Bangalore – Bengaluru Slowly Changing Dimensions

I would like to introduce Type 6 EBS Modified SCD and get your feedback. I couldn’t find any documentation explaining this approach so I guess this is a first, please prove me wrong.

So it’s finally happened Bangalore is now officially Bengaluru. Naturally this means a lot of the changes on the road and Highways of India. Changes to Google maps and other cartography software and most importantly the postal system.

A minor impact is going to be the database systems which store addresses. So I figured now would be a good time to revisit slowly changing dimensions. Most people are familiar with the Slowly Changing Dimension task available in SSIS DFT. But people don’t realize there are more than 3 SCD types. So here are the types once more

Type 0

No Change at all, Ignore any change to the state columns

Id

City

State

1

Bangalore

KA

 

This is probably not what most people will do since they would want to reflect the new name on their site.

Type 1

Overwrite existing record

Before

Id

City

State

1

Bangalore

KA

 

After

Id

City

State

1

Bengaluru

KA

 

This solution seems to be the best or easiest approach. Historical representation of the data doesn’t add value in most cases.

Type 2

Store Historical data by adding new row.

Before

Id

City

State

1

Bangalore

KA

 

After

Id

City

State

EndDate

1

Bangalore

KA

31 Oct 2014

2

Bengaluru

KA

NULL

 

Type 3

Add new column for change data

Before

Id

City

State

1

Bangalore

KA

 

After

Id

City

State

New City Name

1

Bangalore

KA

Bengaluru

 

Most likely not going to be used since it doesn’t provide any effective date for the new change and doesn’t not support. Also complicates the application logic.

Type 4

Store historical data in history table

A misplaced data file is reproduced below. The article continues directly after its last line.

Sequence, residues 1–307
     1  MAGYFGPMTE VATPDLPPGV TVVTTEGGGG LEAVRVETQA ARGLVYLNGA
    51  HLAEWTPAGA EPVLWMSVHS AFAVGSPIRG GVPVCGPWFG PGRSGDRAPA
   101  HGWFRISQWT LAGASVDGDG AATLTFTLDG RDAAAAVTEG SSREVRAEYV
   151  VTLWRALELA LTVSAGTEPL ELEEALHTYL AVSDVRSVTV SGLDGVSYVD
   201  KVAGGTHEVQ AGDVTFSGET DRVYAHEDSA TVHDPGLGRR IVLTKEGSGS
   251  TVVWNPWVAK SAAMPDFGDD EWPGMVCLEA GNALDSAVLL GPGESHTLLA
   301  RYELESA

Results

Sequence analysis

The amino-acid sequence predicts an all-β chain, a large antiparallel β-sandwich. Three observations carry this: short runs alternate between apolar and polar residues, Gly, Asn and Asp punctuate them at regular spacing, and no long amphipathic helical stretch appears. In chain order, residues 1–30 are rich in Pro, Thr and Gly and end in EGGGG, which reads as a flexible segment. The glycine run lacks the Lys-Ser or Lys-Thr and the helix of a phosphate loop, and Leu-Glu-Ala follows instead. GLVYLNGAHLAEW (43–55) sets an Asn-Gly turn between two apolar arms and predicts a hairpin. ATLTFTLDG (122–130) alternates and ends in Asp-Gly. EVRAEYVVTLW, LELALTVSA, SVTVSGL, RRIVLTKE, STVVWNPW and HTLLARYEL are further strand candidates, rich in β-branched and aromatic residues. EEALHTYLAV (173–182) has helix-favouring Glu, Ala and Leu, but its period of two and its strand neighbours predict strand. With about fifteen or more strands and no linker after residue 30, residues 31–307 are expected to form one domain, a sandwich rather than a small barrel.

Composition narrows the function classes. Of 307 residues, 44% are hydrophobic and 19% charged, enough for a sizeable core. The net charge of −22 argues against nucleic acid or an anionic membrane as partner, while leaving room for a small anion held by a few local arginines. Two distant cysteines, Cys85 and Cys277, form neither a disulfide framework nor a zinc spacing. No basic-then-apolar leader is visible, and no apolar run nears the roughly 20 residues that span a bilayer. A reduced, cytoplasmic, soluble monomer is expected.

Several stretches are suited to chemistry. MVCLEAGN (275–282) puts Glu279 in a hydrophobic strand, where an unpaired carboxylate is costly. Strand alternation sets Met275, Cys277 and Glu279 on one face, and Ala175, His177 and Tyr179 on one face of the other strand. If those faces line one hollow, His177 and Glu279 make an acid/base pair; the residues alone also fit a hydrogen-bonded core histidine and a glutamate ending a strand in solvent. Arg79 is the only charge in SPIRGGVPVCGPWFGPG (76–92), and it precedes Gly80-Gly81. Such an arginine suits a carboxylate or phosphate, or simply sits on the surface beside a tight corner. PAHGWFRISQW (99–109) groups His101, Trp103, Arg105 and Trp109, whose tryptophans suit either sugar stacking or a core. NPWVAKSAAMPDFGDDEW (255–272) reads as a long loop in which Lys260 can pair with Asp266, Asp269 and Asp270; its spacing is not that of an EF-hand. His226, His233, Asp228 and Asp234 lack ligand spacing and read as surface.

Now(Current table)

Id

City

State

1

Bengaluru

KA

 

Now (History)

Id

City

State

Create Date

1

Bangalore

KA

1 November 2014

 

A popular approach that is used frequently to capture change but it makes the historical data virtually inaccessible for real time queries without complicated application logic.

Type 6

A Combination of Type (1 +2 +3). It’s a slight complicated model. I can’t see any real world scenario where this is actually implemented I think it’s more of an intellectual exercise.

Before

Id

City

State

1

Bangalore

KA

 

After

Id

City

State

New City Name

Effective Date

Current

1

Bangalore

KA

Bangalore

31 Oct 2014

N

2

Bengaluru

KA

Bengaluru

NULL

Y

 

Type 6 EBS Modified

This is a modified version of the type 6 Dimension that I came up with while writing this blog. I haven’t got the details ironed out but would love to hear any thoughts on this approach.

Before

Id

City

State

1

Bangalore

KA

 

After

Id

City

State

Parent

Effective Date

1

Bangalore

KA

1

31 Oct 2014

2

Bengaluru

KA

1

1 Dec 2050

3

Bengaluru

Union territory

2

NULL

 

The difference between this one and the Type 6 is the capture of additional hierarchy of the change information. The best way to understand this is to compare the result of the “after” case in both types. In the Type 6 EBS Modified version we get rid of the Current flag and use NULL effective date to identify current rows. Additionally we replace the New City Name with ParentID, why? The Type 6 Dimension will fail if there are 2 cities called Bangalore in different state of India. It loses the ability to correctly identify the parent record of the change. The idea being that by recursively looping this table on id and parent id we get the complete and accurate change log for the City column.